The Obama Watch

Obama’s Climate of Intimidation

How Democrats and the president created the IRS scandal -- even if they didn't mean to.

By 6.18.13

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Both parties constantly make accusations that their rival is engaged in hypocritical, unethical, or illegal behavior. Given the drastic lack of ideological diversity in the American elite media, the general public usually only hears about such accusations against Republicans.

Beyond the fact that biased reporting shapes public opinion to favor the left, it may also have an effect on law enforcement. The persistent lies that have been told about right-leaning political groups by leading Democrats, including President Obama himself, may have led to the IRS abuses of power that we’ve heard so much about in recent weeks.

Even assuming that the Internal Revenue Service decided to target conservative groups without explicit orders, the fact is that Obama and other Democrats have been smearing conservatives for so long with vague but outrageous charges of criminality, it’s no wonder that some bureaucratic goons decided to harass “tea party” and “patriot” groups.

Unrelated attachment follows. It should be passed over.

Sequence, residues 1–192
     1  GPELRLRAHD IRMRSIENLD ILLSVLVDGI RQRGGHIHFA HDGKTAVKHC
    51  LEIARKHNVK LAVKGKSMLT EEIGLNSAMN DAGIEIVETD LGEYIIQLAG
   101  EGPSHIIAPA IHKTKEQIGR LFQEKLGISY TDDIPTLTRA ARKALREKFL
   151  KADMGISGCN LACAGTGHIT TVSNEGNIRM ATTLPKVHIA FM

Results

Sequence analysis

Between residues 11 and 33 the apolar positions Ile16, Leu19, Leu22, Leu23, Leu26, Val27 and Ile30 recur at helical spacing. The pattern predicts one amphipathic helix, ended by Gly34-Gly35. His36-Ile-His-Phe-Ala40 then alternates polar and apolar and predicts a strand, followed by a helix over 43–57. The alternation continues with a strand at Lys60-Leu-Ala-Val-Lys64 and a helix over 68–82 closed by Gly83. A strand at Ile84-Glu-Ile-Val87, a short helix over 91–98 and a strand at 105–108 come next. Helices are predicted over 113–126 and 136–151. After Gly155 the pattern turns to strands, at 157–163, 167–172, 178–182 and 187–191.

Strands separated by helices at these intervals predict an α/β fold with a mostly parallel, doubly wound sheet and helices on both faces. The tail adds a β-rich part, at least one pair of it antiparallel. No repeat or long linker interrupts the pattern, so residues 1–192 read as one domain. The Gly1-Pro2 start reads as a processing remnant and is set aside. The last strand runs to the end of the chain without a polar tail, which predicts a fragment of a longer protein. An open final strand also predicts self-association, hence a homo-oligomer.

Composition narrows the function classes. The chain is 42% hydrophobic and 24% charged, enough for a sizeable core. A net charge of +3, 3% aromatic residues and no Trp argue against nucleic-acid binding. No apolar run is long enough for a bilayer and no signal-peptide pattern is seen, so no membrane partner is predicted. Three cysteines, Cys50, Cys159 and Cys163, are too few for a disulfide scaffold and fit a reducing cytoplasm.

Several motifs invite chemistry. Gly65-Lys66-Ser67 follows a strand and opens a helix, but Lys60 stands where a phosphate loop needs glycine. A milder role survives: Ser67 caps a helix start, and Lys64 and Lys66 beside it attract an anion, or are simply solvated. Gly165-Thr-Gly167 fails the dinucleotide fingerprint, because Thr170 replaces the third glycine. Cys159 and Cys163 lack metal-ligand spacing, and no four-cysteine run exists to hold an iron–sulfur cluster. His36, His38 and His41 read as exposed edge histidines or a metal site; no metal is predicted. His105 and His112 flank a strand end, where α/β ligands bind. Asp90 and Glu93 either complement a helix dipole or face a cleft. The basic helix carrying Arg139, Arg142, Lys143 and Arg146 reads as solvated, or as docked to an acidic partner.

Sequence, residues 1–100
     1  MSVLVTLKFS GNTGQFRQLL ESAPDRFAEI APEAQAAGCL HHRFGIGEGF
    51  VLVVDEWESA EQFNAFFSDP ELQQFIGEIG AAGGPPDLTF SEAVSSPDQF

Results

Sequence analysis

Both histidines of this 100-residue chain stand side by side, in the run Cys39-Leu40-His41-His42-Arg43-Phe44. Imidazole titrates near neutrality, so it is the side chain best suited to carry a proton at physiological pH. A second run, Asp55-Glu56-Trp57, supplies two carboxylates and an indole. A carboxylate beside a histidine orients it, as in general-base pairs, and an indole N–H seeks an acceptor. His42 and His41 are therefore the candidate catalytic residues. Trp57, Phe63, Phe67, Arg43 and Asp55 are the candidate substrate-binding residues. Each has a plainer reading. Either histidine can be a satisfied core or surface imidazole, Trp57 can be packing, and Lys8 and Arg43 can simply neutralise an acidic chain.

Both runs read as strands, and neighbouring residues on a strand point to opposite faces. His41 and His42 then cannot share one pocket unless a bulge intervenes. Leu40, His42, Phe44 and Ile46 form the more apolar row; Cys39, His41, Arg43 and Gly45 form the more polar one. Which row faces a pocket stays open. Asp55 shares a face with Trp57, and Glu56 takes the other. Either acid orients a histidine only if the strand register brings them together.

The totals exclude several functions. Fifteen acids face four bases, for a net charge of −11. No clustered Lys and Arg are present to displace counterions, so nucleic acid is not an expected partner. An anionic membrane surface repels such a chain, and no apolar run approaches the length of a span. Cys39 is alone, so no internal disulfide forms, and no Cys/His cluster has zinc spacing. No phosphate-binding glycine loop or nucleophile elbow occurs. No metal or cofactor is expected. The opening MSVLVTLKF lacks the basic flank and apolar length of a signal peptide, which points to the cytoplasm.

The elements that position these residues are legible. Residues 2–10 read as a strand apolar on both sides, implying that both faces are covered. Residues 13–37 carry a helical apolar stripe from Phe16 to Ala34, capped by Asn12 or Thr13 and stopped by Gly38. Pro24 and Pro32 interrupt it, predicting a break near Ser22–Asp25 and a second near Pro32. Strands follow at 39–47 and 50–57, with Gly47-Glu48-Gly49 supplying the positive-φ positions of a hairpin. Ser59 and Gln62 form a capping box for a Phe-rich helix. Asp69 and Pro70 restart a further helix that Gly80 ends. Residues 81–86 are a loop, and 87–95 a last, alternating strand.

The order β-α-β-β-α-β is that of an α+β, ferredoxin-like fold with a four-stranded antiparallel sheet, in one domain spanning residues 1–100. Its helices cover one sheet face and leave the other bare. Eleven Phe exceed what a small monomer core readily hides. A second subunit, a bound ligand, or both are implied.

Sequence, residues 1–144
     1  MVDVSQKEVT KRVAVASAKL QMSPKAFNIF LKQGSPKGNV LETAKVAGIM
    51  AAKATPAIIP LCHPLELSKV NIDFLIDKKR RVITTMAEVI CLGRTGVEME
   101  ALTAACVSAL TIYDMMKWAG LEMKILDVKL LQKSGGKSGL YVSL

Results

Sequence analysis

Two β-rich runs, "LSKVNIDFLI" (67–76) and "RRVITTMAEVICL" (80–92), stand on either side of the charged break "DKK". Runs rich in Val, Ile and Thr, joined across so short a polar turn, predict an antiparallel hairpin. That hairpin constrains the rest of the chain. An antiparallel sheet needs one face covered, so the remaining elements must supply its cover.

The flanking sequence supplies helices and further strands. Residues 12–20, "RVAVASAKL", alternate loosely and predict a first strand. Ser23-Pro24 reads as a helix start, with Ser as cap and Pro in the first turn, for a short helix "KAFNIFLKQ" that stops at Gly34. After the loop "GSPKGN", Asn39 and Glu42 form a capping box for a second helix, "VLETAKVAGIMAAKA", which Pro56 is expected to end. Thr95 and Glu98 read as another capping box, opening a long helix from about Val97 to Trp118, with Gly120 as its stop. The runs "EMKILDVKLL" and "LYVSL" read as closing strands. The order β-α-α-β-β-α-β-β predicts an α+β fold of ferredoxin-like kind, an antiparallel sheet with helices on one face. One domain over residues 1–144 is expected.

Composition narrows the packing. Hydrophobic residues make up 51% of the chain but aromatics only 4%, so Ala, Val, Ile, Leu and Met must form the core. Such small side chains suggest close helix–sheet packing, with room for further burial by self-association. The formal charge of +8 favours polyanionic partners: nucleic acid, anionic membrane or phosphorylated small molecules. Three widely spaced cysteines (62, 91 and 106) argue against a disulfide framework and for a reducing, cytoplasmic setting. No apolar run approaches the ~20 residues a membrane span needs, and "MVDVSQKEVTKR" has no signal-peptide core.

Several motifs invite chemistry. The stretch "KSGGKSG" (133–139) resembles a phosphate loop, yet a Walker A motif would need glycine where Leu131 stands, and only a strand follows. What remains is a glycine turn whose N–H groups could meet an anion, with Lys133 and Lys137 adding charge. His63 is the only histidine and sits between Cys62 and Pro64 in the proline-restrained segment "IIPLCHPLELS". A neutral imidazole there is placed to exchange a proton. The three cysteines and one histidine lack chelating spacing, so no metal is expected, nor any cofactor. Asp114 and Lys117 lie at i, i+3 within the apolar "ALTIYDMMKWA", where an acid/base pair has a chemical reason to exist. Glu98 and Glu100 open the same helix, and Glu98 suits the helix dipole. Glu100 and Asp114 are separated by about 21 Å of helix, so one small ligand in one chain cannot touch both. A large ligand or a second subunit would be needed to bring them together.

The context of the audits is quite clear in retrospect, as Wall Street Journal columnist Kimberley Strassel demonstrated in an excellent piece the other week. After seeing that independent groups like Americans for Prosperity and the U.S. Chamber of Commerce were spending big dollars to defeat the president and boost his Republican opponent, Mitt Romney, the Obama campaign and the Democratic National Committee appear to have decided to go into overdrive.

Their attacks were designed to blunt the effectiveness of conservative groups’ advertising by getting a compliant media to start complaining about them. A person identified as a top White House official in an article at the Huffington Post described these campaign ads — campaign ads! — as “the most insidious power grab that we have seen in a very long time.” It didn’t matter whether the left's insinuations were true or false. As Strassel demonstrated in her column, Obama kicked them off with a blistering attack on Americans for Prosperity in August of 2010, the very same month the IRS decided to begin targeting conservatives:

Right now all around this country there are groups with harmless-sounding names like Americans for Prosperity, who are running millions of dollars of ads…. And they don’t have to say who exactly the Americans for Prosperity are. You don’t know if it’s a foreign-controlled corporation.

Besides being an instance of gratuitous xenophobia, the reference to “foreign-controlled corporations” foreshadowed the Obamaite attacks that were to come on the U.S. Chamber of Commerce. Those began in earnest in October 2010 when the left-wing partisan dirt shop Think Progress trotted out non-sourced allegations that the Chamber was using funds donated by foreign companies to pay for ads against Obama. The Chamber immediately denounced the accusation as false.